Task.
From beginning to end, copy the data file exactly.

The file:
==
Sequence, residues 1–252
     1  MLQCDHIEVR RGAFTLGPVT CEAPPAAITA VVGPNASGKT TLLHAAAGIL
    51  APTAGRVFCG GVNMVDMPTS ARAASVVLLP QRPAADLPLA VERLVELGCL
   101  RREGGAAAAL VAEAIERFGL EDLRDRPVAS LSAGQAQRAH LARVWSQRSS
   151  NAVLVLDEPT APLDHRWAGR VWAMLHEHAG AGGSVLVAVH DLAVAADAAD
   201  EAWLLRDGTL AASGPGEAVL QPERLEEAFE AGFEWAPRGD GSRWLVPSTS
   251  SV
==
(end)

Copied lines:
Sequence, residues 1–252
     1  MLQCDHIEVR RGAFTLGPVT CEAPPAAITA VVGPNASGKT TLLHAAAGIL
    51  APTAGRVFCG GVNMVDMPTS ARAASVVLLP QRPAADLPLA VERLVELGCL
   101  RREGGAAAAL VAEAIERFGL EDLRDRPVAS LSAGQAQRAH LARVWSQRSS
   151  NAVLVLDEPT APLDHRWAGR VWAMLHEHAG AGGSVLVAVH DLAVAADAAD
   201  EAWLLRDGTL AASGPGEAVL QPERLEEAFE AGFEWAPRGD GSRWLVPSTS
   251  SV